Bladder Dysfunctions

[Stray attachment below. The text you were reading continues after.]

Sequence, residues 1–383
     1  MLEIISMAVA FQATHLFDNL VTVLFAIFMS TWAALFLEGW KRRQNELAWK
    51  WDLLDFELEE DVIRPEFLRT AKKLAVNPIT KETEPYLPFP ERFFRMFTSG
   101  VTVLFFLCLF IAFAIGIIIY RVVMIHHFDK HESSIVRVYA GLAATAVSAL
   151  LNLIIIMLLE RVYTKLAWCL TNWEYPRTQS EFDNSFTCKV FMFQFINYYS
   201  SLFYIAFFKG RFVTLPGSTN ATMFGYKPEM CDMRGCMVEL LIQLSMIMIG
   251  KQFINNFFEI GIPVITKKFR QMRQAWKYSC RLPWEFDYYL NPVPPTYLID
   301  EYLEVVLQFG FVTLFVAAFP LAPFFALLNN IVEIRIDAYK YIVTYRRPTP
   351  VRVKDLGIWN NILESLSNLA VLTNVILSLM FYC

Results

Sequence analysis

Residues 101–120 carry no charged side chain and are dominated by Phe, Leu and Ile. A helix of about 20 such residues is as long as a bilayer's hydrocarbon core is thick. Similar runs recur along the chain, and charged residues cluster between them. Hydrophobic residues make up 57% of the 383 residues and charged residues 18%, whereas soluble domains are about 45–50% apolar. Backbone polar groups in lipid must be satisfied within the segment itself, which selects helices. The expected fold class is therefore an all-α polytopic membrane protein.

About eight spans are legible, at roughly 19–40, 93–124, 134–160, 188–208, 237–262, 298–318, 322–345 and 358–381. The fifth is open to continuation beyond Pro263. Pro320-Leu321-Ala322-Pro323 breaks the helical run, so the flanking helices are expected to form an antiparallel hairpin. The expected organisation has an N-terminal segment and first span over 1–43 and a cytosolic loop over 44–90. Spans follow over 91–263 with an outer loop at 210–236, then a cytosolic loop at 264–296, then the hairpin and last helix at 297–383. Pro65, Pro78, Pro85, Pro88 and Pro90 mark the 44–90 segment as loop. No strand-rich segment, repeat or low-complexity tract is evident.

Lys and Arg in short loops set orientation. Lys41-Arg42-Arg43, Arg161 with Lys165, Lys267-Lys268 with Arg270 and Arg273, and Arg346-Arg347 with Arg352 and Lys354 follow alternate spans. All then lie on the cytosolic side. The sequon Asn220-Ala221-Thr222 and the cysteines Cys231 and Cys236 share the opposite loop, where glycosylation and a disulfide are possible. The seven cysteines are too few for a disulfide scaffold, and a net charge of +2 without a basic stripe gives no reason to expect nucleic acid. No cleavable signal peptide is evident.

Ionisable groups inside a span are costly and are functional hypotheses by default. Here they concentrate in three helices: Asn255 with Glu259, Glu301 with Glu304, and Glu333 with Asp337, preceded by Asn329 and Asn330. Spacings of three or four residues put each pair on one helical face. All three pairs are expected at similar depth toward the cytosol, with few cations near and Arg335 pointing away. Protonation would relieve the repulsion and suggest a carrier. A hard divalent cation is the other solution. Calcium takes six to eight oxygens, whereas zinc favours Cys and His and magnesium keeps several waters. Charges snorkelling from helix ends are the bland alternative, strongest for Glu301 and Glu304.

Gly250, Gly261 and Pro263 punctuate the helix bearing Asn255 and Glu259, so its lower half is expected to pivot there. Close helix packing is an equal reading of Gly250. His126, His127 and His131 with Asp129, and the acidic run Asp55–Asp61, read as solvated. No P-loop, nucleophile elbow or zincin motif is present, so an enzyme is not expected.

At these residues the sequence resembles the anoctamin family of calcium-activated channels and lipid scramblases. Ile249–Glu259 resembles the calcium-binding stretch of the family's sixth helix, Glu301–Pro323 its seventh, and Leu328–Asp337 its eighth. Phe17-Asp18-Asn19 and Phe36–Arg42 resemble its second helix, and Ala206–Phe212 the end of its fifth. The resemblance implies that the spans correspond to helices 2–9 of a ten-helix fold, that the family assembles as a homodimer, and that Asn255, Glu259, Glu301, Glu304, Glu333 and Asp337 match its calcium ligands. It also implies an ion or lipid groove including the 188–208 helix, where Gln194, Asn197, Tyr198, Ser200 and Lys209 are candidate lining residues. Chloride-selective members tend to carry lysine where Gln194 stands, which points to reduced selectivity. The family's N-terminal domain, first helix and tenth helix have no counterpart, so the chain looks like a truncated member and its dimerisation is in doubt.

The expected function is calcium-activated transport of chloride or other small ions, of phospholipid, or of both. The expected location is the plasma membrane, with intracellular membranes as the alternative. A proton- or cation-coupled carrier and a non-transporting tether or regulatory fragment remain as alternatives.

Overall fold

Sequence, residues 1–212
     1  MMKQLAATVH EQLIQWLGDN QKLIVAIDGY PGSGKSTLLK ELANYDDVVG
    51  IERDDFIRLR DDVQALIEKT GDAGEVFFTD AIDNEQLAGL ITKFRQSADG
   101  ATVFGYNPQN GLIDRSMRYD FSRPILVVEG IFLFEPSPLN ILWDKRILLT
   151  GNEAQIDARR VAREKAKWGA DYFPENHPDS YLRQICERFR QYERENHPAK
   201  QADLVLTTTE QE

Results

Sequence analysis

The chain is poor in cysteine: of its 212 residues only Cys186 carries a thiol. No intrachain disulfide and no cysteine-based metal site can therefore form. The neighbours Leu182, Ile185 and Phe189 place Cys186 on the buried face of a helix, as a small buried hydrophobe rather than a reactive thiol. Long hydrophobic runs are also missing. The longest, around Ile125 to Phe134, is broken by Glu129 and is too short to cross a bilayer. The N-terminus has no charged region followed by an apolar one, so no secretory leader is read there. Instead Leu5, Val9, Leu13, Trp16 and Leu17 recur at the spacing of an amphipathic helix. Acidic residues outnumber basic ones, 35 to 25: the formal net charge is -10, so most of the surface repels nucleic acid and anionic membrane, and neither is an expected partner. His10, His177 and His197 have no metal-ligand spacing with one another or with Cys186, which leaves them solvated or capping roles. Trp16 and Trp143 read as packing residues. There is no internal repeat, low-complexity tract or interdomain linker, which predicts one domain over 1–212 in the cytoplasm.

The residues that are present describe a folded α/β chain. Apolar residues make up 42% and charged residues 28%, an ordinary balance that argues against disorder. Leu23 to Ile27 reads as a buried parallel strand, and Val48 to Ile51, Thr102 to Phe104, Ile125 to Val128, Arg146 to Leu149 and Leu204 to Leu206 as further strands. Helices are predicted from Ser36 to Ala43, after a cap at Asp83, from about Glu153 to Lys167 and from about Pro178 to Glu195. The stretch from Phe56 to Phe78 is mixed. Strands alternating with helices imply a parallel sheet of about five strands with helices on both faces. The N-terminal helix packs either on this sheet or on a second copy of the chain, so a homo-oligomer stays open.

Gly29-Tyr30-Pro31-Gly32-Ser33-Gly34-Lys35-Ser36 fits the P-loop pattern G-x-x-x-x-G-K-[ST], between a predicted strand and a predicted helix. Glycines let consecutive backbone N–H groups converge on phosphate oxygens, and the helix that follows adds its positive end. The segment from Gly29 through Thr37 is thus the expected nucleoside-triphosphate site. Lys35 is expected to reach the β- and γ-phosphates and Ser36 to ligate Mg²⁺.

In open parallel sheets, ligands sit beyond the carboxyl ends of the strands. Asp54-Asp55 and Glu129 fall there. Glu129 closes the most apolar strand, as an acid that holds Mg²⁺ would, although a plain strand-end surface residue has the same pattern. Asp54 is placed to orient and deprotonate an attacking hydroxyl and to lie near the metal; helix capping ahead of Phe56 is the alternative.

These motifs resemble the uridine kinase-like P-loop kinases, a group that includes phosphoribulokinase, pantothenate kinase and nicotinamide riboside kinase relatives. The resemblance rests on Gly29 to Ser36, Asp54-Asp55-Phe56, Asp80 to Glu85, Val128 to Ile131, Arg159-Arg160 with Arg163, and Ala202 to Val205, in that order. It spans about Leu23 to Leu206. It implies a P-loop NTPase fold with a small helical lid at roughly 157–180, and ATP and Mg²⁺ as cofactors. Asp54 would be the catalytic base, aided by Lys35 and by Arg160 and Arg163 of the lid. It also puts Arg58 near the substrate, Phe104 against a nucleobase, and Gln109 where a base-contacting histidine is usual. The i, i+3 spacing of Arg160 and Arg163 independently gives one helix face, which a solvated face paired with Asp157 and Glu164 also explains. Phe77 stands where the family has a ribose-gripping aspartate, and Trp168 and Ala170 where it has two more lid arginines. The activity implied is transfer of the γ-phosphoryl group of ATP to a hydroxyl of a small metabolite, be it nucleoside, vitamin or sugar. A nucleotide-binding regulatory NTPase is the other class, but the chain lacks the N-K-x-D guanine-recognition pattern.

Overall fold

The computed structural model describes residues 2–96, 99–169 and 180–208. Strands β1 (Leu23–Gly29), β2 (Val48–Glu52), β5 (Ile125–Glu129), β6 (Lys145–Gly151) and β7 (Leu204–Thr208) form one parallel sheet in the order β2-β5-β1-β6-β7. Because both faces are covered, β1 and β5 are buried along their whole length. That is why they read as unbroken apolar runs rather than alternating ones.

Often I am told how surprised patients are when they are referred to pelvic floor physical therapy for their urinary symptoms.  In reality, dysfunctional pelvic floor muscles are frequently a main contributing factor to many urinary symptoms.  When dealing with stress urinary incontinence, weakness in the pelvic floor muscles must be addressed.  Other bladder disorders, such as PBS/IC, retention, dysuria, urgency/frequency or urge urinary incontinence have the opposite problem.  These patients typically have pelvic floor muscles that are working too hard and have become dysfunctional, often to the point where they are stuck and restricted in a shortened and overly tense position.  Trigger points (areas of heightened irritability within a taut band of muscular or fascial tissue that is exquisitely tender when palpated and can refer pain and symptoms to another area of the body) in other muscles surrounding the pelvis can also affect the bladder and cause uncomfortable urinary symptoms.   When it comes to treating bladder dysfunctions, your pelvic floor physical therapist will address any musculoskeletal or fascial restrictions or dysfunctions that can be affecting your urinary symptoms.  Each patient will be educated on dietary management as well as behavioral modification techniques such as bladder retraining and the use of urge deference techniques.  Manual therapy will be utilized along with individualized home programs specifically designed and tailored for each patient and their bodies.